Trump Says Fed Should Cut Rates by 1%

As President Donald Trump continues to criticize the Fed and its chairman, Jerome Powell, the Fed cut rates last month by 25 basis points, soothing the markets. Now, through a tweet, Trump demanded that the Federal Reserve cut the federal funds rate by “at least 100 basis points.”

Trump seeks quantitative easing and a rate cut

Trump also wants to implement quantitative easing to go with the rate cut. The Fed had started its extraordinary bond-buying program dubbed “quantitative easing” after the 2007–2008 financial crisis. This move was unprecedented, as the Fed wanted to boost the economy by pumping more liquidity into the system.

Today, Trump tweeted that Powell and the Fed had been hindered by a “horrendous lack of vision.” The president has been overt about his desire for a weaker dollar and lower interest rates. Trump went on to say, “Democrats are trying to ‘will’ the Economy to be bad for purposes of the 2020 Election. Very Selfish! Our dollar is so strong that it is sadly hurting other parts of the world.”

Despite some volatility, the stock markets are doing pretty well

Trump has vehemently criticized the Fed in the past. He claimed that the Dow Jones Industrial Average would have been 10,000 points higher if not for rate hikes and the unwinding of Fed’s balance sheet.

He also claimed that in that case, the economy would be growing at over 4%. Trump has been trying to protect the markets from volatility, which is the primary reason for his desire for a rate cut from the Fed. Trump recently delayed tariffs on some of the Chinese goods to relieve the markets.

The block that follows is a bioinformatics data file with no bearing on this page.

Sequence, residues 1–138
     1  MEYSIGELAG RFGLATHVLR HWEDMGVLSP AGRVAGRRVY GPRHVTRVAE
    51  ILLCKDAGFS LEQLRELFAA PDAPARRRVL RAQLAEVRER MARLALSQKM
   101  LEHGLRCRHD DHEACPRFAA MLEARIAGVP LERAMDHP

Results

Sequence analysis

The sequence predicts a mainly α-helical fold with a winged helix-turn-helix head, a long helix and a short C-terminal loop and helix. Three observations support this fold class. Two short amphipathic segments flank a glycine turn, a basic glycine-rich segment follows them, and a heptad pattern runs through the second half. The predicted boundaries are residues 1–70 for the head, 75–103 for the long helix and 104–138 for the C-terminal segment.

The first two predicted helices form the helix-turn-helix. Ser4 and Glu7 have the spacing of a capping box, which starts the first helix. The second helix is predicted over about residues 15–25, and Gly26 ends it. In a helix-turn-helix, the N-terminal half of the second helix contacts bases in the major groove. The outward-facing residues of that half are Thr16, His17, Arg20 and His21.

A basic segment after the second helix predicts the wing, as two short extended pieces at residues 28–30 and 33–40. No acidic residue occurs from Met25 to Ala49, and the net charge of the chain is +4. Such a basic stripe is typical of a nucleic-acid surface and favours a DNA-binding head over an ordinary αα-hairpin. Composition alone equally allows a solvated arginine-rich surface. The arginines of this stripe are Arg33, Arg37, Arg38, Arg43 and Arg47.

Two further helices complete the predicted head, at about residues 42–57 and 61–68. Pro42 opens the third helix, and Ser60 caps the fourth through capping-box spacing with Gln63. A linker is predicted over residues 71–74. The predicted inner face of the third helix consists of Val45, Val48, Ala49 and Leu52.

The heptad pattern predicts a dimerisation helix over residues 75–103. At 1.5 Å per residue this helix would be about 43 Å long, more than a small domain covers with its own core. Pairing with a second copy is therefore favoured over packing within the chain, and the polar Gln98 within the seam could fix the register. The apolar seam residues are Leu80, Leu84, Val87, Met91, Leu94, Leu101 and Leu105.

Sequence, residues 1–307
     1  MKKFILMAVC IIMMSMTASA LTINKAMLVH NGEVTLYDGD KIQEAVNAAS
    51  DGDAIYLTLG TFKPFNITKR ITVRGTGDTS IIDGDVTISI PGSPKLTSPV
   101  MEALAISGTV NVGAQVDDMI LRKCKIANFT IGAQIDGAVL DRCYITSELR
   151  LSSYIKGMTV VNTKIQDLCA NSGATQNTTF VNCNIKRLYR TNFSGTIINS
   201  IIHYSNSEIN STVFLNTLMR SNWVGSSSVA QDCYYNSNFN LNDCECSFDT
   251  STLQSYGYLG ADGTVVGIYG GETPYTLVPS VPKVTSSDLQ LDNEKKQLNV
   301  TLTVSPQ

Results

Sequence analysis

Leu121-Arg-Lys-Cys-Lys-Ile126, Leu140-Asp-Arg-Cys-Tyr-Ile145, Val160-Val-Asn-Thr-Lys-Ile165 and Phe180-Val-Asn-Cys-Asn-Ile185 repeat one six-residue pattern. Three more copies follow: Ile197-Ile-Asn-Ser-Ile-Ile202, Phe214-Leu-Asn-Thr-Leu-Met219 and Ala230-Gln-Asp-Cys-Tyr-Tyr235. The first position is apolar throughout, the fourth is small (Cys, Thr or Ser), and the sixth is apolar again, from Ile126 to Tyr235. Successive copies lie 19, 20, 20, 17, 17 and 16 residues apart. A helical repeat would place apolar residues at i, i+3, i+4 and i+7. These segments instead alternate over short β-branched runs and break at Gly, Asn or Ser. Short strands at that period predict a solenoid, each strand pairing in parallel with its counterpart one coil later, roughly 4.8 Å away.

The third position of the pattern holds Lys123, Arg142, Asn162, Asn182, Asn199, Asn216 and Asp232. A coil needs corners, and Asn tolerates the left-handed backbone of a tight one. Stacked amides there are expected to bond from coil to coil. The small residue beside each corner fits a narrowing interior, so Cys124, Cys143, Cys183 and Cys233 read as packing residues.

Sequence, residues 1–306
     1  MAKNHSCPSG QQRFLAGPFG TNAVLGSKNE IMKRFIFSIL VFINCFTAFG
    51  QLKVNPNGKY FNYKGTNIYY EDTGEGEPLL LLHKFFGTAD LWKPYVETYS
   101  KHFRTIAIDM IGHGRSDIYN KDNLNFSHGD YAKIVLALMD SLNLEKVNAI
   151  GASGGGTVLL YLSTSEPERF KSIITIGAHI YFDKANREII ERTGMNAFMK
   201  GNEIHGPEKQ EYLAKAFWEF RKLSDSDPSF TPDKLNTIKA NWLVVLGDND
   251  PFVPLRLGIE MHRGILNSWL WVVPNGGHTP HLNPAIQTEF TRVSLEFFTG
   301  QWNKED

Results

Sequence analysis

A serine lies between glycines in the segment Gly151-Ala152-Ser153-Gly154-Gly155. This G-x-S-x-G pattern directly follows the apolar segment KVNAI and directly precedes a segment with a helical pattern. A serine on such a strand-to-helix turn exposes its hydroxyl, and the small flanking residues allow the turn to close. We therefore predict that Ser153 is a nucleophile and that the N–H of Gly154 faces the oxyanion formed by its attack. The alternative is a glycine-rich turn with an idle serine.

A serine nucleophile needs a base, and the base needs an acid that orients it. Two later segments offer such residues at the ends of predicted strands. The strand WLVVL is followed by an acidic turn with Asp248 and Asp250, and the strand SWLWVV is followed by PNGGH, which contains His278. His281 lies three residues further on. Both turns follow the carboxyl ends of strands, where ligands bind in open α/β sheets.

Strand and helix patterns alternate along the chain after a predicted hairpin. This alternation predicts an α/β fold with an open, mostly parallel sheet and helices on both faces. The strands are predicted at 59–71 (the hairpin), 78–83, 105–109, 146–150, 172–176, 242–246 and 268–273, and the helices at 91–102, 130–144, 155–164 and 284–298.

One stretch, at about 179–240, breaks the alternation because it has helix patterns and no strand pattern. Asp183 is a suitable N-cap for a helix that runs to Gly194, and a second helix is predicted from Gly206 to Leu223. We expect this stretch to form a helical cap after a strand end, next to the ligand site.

Despite all the volatility, the S&P 500 Index is down only 3.4% in the last month. This broad index is still up 16.6% this year, and it was up 1.2% on August 19. The SPDR S&P 500 ETF (SPY) closely tracks the movement of the index. The markets now expect the Fed to cut rates by another 25 basis points in September and to implement another rate cut in December.

How an extra-loose monetary policy could be harmful

A decade ago, quantitative easing and a 0% funds rate might have been warranted to jumpstart the economy. After a certain point, however, it becomes counterproductive to cut rates.

Ultra-low yields cripple banks’ profitability. Over the long term, this could hamper their ability to write loans, negatively affecting the economy.

However, the US dollar (UUP) did not weaken. Instead, the dollar index has risen 2.2% since mid-July. The uncertainties about the trade war and global economic growth have caused the dollar to strengthen.

In our view, if the Fed cuts rates now, it would have fewer weapons in its arsenal if the economy worsens. Recent US retail numbers showed that the US consumer economy is still in good shape, and consumption still accounts for about two-thirds of the economy.